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a definite buzz to Wimbledon in July. This
is the 'village' where Londoners celebrate
both the sun and their proud lawn tennis
roots. When you see the crowds streaming
into the streets wearing sunglasses, summery
dresses and straw hats, it's like an official
decree from the Queen herself: the long
awaited British summer has rolled in.
Up until 6 July, there is only one reason
to come to Wimbledon: tennis.
Over one fortnight in June and July, the
world's top-seeded players fight it out
in a grass court for the prestigious trophies.
The atmosphere is electric. Famous faces
dot the crowds, English flags wave for the
players and vendors do a steady trade in
strawberries and cream, which has come to
be the official food of the Championships.
It is possible to get a ticket for Wimbledon
on the day of the match. Get up and get
there as early as possible. Day-of-play
tickets are sold on strictly one-per-person
queuing basis. Queues can be extremely long
and your position in the queue cannot be
reserved by equipment, you must be there
If you've missed the Championships, make
up for it with a visit to the award-winning
Wimbledon Lawn Tennis Museum. The museum
offers a glimpse of how the gentle game
of lawn tennis, once all the rage on the
lawns of Victorian England and with origins
that go far back to Medieval Royal Tennis,
has become a multi-million dollar professional
The museum offers wonderful views over Centre
Court. You'll find memorabilia donated from
famous players and great footage of past
matches, as well as art and artifacts that
bring the excitement of the sport to life.
Visitors also partake in the other game
in Wimbledon: walking. Take a picnic on
one of Wimbledon's many green areas. Wimbledon
Common covers about 1,140 acres of woodland,
heath land and mown recreation areas. Ten
ponds promote a variety of bird, animal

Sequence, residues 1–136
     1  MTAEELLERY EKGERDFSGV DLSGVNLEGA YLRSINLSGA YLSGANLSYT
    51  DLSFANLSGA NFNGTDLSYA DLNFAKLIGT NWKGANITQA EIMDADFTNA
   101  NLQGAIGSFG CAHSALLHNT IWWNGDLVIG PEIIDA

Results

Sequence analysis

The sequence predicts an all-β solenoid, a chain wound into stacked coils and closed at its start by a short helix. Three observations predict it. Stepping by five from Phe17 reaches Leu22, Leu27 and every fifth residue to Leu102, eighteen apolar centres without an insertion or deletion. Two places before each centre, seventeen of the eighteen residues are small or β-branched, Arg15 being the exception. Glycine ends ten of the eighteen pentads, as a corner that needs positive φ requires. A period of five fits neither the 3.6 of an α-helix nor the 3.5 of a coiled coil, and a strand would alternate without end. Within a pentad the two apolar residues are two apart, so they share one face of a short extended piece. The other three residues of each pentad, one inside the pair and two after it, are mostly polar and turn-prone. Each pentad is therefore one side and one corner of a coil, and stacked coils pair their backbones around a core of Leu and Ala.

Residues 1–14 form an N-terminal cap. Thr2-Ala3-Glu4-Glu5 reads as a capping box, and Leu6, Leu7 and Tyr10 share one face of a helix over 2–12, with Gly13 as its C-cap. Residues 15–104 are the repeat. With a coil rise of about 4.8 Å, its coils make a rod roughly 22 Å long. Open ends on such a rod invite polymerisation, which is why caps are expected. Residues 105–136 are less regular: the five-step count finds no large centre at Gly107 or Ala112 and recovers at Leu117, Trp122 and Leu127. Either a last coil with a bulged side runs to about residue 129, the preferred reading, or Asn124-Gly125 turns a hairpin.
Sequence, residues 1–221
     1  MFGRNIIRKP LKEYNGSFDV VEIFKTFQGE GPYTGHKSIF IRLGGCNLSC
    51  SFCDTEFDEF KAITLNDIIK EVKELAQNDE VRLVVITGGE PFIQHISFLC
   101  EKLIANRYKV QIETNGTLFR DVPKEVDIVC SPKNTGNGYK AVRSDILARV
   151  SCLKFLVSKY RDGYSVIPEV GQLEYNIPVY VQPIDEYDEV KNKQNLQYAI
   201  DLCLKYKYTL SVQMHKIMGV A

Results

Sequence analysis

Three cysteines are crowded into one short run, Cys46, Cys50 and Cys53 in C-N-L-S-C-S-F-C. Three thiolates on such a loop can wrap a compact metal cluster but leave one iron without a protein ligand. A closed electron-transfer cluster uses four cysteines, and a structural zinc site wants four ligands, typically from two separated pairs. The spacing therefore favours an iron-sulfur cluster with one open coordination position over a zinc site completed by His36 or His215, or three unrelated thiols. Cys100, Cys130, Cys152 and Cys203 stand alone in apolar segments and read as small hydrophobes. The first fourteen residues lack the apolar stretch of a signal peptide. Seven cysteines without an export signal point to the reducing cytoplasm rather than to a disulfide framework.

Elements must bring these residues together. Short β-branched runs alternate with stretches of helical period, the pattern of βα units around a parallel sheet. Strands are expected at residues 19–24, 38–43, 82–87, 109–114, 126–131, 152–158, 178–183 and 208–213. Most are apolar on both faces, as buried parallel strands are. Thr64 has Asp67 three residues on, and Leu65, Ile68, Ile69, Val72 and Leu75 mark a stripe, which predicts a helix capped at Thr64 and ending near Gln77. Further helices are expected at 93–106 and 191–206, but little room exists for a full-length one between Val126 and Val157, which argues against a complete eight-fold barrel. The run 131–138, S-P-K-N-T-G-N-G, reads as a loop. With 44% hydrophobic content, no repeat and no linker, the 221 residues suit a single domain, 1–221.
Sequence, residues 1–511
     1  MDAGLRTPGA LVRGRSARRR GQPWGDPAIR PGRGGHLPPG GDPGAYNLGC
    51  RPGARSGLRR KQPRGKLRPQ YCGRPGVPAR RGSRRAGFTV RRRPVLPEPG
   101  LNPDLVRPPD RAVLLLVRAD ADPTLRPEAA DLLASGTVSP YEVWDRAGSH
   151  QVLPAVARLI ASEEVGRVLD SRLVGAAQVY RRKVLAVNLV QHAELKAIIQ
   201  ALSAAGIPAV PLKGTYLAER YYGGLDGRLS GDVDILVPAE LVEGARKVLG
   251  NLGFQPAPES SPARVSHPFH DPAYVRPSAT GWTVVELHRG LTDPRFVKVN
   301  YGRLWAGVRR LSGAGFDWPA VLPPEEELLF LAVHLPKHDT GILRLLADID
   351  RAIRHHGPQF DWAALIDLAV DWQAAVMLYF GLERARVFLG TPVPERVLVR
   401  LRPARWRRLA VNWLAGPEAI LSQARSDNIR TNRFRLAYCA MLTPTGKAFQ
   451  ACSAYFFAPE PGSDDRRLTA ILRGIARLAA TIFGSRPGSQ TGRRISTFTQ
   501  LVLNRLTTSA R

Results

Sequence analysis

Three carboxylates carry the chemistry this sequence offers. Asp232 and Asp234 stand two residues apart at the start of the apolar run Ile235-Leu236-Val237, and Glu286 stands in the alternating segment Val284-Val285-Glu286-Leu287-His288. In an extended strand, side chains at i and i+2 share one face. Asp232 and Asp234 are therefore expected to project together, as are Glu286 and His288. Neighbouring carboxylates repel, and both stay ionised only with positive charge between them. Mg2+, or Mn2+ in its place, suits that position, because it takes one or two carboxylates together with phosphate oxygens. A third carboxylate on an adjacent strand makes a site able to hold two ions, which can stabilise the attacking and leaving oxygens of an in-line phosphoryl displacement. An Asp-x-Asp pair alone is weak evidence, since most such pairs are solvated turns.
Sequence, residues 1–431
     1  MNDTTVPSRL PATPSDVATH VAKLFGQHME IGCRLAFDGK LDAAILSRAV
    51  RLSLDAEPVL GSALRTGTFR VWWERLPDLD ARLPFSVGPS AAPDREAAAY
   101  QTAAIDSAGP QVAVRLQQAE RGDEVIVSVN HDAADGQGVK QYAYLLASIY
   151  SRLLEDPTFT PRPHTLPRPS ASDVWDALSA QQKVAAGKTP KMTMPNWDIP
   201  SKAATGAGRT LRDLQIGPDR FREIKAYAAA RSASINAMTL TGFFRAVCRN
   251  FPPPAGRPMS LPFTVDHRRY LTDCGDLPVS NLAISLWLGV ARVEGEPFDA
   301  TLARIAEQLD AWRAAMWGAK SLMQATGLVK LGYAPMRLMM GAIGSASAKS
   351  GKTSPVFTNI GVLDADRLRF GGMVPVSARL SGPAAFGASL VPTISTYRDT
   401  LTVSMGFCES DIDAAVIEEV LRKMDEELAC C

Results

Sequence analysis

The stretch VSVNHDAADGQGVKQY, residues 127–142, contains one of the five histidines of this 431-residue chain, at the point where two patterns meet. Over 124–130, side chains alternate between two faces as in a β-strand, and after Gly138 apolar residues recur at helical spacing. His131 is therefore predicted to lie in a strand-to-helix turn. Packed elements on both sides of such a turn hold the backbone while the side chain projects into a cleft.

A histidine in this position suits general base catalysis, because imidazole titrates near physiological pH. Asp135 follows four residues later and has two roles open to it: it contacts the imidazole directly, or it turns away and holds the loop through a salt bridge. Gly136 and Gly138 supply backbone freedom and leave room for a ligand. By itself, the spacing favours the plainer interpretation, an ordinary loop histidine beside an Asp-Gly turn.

and plant life. The entire area is unfenced
and is open to the public 24-hours a day
throughout the year.
Shopaholics should head for the 320,000
square foot shopping centre at Centre Court,
Wimbledon - the heart of Wimbledon retail.
Three floors, with 62 shops and food outlets
offer visitors a plethora of pleasant shopping.
It's also a convenient place to purchase
memorabilia or to get a snack and stock
up on provisions before the big match at
the Wimbledon Tennis Grounds.
If you wish to seek out a bit of quiet time
perhaps to meditate and think winning thoughts
for your chosen tennis player hopeful, the
first Buddhist temple in the UK is the place
to visit. Four peaceful acres encompass
an imposing temple, ornamental lake, a small
grove, flower garden and orchard.
Wimbledon is a famous place in England where
1) see fashionably dressed people.
2) celebrate the beginning of summer.
3) buy strawberries and cream.
4) watch tennis matches.
1) is officially announced by the Queen.
2) takes place over one fortnight.
3) is a close event.
4) is the time when Londoners celebrate
paragraph 2 'day-of-play' means that:
1) one person can buy many tickets for the
2) you can get a ticket on the day of the
3) you can book a ticket on the day of the
4) you must queue for a while.
In the Wimbledon Lawn Tennis Museum you
1) trace the history of tennis.
2) play tennis.
3) become a multi-million dollar professional.
4) see famous players.
1) a private area.
2) rich in flora and fauna.
3) another game in Wimbledon.
4) just a picnic area.
Where can you have a meal?
1) at the Wimbledon Tennis Grounds.
2) at Centre Court.
3) at Wimbledon Common.
4) at Wimbledon Lawn Tennis Museum.
1) is the only place to visit in Wimbledon.
2) is the place for religious people.
3) is a beautiful place to visit and meditate.
4) is the fourth in the UK.